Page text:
LUSAIL, Qatar — For 18 years, society’s unceasing obsession with Cristiano Ronaldo had lifted him onto a pedestal. It sucked media and brands into his orbit. It prompted squeals and selfies from fans wherever he went. It kept him in Portugal’s starting lineup amid drama and alleged crimes, and even amid underwhelming soccer, until, on Tuesday night here at the Lusail Stadium, at long last, the pedestal crumbled and Ronaldo fell.
Portugal did the unthinkable and benched him. Waves of young attackers, unleashed by his absence, put on a show. And his replacement, 21-year-old Gonçalo Ramos, scored a hat trick as Portugal romped to a 6-1 World Cup Round of 16 win over Switzerland.
Photographers still zeroed in on Ronaldo. Fans still shrieked whenever big screens showed his unmissable face. They sang his name. But then a soccer game began, and birthed a new hero.
Ramos powered a left-footed shot past a helpless Swiss keeper 17 minutes in. He later flicked home a second, and dinked home a third. And in 67 minutes that not a soul saw coming, he blasted his country into a new era.
Ramos was all of 2 years and 2 months old when Ronaldo made his Portugal debut back in 2003. He was all of 21 years and 5 months, with zero Portugal appearances, when this Ronaldo-led squad arrived in Qatar last month.
“Not even in my wildest dreams did I dream of being part of the starting 11 for the knockout phase of the World Cup and scoring a hat trick,” Ramos said after the match.
But, with drama swirling, Portugal manager Fernando Santos made the impossibly difficult decision to drop his captain, top scorer and national icon. He turned to Ramos, a breakout star as of only a few months ago, with just 36 Portugal minutes under his belt. And, in part with addition by subtraction, he created a free-flowing unit that produced Portugal’s best performance of the tournament.
For months, it appeared that the long-awaited day would never arrive here in Qatar. Santos had tolerated Ronaldo’s pedestrian performances at Manchester United. There was the transfer saga, and the benching, and the refusal to come on as a sub. Still, Santos said in September, “I don’t think anyone has any doubts that Ronaldo continues to be of great importance to the national team.”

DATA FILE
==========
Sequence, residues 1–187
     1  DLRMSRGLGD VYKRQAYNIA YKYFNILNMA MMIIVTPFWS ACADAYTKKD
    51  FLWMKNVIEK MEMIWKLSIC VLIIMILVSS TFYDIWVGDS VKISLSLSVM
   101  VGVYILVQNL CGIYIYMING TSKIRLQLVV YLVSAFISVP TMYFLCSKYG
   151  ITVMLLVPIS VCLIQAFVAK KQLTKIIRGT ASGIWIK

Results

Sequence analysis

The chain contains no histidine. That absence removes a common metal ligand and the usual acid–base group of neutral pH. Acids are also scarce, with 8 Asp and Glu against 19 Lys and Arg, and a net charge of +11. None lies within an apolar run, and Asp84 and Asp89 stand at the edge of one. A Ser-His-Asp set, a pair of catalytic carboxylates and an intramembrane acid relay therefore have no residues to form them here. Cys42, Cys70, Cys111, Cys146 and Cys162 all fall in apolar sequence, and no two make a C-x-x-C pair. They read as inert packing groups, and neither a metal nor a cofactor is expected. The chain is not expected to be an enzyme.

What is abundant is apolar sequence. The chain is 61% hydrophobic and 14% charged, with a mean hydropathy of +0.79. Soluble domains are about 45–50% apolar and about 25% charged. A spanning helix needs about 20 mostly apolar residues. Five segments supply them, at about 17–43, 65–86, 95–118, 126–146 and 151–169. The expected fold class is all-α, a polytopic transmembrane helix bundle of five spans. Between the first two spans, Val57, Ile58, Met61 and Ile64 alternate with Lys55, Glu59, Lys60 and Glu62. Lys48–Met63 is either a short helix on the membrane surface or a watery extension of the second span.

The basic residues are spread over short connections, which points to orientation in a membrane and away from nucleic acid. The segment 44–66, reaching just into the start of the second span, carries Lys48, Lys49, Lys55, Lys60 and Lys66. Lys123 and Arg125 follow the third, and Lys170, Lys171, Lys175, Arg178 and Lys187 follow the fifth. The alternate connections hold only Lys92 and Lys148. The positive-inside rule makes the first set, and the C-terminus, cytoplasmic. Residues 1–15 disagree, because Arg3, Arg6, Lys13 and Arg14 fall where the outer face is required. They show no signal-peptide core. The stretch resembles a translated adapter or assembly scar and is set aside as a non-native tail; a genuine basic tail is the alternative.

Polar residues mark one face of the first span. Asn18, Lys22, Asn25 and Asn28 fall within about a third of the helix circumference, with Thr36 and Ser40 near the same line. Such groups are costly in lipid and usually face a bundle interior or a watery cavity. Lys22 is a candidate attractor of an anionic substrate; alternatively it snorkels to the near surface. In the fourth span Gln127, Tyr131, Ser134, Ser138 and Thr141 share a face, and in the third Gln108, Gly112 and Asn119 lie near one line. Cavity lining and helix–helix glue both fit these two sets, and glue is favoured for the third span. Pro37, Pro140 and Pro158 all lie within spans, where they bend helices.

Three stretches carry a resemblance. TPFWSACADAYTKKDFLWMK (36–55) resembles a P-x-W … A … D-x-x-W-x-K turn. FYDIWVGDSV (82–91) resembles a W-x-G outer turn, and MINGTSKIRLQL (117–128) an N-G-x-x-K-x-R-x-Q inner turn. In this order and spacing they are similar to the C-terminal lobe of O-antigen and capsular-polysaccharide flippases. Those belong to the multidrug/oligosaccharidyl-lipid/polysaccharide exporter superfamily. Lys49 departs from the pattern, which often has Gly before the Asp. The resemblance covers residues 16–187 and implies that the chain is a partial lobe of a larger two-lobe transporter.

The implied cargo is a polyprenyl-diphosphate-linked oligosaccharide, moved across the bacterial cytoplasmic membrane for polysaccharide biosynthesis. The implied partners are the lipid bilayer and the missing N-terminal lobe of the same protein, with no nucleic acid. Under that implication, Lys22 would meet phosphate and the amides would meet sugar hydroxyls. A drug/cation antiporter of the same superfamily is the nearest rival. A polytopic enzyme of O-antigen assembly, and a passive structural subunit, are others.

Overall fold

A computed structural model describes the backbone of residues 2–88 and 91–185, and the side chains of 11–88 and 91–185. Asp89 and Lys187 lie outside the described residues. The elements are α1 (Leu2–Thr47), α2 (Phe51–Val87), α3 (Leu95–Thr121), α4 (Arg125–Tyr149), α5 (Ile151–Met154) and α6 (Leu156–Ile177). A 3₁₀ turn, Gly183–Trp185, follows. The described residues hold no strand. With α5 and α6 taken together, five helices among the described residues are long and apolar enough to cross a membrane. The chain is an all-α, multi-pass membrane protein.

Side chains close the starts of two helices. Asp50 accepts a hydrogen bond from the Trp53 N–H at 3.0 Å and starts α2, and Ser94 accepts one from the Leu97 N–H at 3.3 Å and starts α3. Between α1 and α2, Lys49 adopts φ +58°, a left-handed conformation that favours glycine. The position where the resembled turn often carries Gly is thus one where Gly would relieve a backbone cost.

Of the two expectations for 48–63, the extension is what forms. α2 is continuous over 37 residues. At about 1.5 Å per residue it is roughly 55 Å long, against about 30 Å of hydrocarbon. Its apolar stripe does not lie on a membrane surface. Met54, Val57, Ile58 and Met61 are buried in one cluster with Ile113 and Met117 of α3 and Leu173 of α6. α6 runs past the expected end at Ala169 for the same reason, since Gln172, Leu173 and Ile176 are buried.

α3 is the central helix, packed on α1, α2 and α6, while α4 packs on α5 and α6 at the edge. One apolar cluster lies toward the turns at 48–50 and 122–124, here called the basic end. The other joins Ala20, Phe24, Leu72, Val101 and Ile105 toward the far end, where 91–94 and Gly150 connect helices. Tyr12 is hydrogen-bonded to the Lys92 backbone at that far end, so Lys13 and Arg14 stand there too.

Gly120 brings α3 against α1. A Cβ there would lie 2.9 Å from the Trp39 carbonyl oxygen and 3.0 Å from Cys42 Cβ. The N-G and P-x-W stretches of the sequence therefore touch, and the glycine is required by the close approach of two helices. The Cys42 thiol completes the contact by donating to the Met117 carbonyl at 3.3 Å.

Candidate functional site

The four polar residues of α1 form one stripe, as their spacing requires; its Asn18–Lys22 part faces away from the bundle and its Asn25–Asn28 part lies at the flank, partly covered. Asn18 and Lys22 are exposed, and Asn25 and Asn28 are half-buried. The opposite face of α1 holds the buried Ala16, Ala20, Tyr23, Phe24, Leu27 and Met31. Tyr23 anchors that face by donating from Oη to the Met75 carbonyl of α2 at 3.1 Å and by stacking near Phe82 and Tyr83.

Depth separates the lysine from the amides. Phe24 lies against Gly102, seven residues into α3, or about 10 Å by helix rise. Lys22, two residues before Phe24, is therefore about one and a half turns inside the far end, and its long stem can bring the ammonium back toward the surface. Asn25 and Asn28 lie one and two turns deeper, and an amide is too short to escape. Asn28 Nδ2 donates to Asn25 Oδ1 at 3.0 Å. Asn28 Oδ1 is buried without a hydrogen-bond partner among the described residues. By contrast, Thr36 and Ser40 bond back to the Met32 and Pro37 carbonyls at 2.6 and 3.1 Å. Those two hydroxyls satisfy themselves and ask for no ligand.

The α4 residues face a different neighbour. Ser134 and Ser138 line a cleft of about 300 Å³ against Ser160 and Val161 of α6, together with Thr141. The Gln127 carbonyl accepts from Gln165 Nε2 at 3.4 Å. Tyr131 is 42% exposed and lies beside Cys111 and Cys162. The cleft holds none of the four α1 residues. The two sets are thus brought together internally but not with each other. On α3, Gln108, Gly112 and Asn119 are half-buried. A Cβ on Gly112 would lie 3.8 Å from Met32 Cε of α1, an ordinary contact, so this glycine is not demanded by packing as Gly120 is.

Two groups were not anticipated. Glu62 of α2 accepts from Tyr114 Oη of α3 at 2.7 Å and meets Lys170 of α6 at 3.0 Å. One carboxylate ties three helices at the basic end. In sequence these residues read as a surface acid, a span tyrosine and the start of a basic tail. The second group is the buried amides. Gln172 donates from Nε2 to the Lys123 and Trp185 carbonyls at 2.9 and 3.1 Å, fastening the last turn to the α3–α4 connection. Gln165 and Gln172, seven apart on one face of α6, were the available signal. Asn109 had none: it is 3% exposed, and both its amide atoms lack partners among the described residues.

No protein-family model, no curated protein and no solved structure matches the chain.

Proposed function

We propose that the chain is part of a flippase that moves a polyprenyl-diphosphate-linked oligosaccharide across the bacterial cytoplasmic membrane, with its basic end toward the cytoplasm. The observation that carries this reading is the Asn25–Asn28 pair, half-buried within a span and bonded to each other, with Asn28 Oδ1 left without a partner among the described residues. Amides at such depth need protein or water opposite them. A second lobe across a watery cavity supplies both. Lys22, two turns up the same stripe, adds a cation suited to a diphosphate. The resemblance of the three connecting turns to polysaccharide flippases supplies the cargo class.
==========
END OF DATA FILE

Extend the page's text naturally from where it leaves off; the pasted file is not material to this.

On the eve of the World Cup, there was the explosive interview and the split with Manchester United. Still, Santos and Ronaldo’s teammates stood by him. “We’re happy to know we can still count on him,” Bernardo Silva said.
Ronaldo, though, seemed to be on a mission to prove that they couldn’t. He did not score from open play in three group games. When he was subbed off against South Korea, he sulked, and appeared to bad-mouth Santos. Santos saw those videos, and “really didn’t like” them. It’s unclear if they were the final straw, or if this was a soccer decision.
But it was nonetheless a massive one. Ronaldo, no matter what he did on and off the field, has drawn rapturous cheers whenever he’s been shown on TVs or big screens here in Qatar. He was always the player who led 22 teammates out onto the field for warmups. He was the man whom the stadium emcees have obsessed over, turning his trademark “SIU” celebration into a call-and-response chant with thousands of unconditionally adoring fans.
And he, Ronaldo, naturally, was the person whom cameras sought out on Tuesday after the benching. Dozens of photographers turned their backs to the starting 11 during the Portuguese anthem and aimed their lenses at No. 7. A man who appeared to be a Portugal team staffer had to furiously usher them away to keep the pregame script moving.
He was, for 70 minutes, just another player, just another reserve, running amid teammates down the sideline to celebrate Ramos’ first goal. But the obsession continued. “Ronaaallll-do,” fans crowed in unison in the second half. “Ronaaaallll-do!” When he emerged from the dugout to enter the game as a 73rd-minute substitute, fans greeted him with a roar roughly as loud as the ones that had greeted goals.
His 17-plus minutes of action, though, were unremarkable. Portugal without him, on the other hand, was just the opposite. It was Rafael Leao who scored a world-class goal off the bench. It was Bruno Fernandes and Bernardo Silva who’d driven the Portuguese attack all game.
They and an ascendant team are on to face Morocco in the quarterfinals. Their generational star will, of course, remain the center of attention. But perhaps a new one has arrived to propel Portugal toward elusive World Cup glory.